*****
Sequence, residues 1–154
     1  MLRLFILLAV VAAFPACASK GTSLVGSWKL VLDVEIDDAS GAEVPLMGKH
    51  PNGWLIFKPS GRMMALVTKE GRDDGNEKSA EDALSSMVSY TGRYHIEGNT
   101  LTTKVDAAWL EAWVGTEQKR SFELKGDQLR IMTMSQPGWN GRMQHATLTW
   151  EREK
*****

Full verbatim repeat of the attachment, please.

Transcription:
Sequence, residues 1–154
     1  MLRLFILLAV VAAFPACASK GTSLVGSWKL VLDVEIDDAS GAEVPLMGKH
    51  PNGWLIFKPS GRMMALVTKE GRDDGNEKSA EDALSSMVSY TGRYHIEGNT
   101  LTTKVDAAWL EAWVGTEQKR SFELKGDQLR IMTMSQPGWN GRMQHATLTW
   151  EREK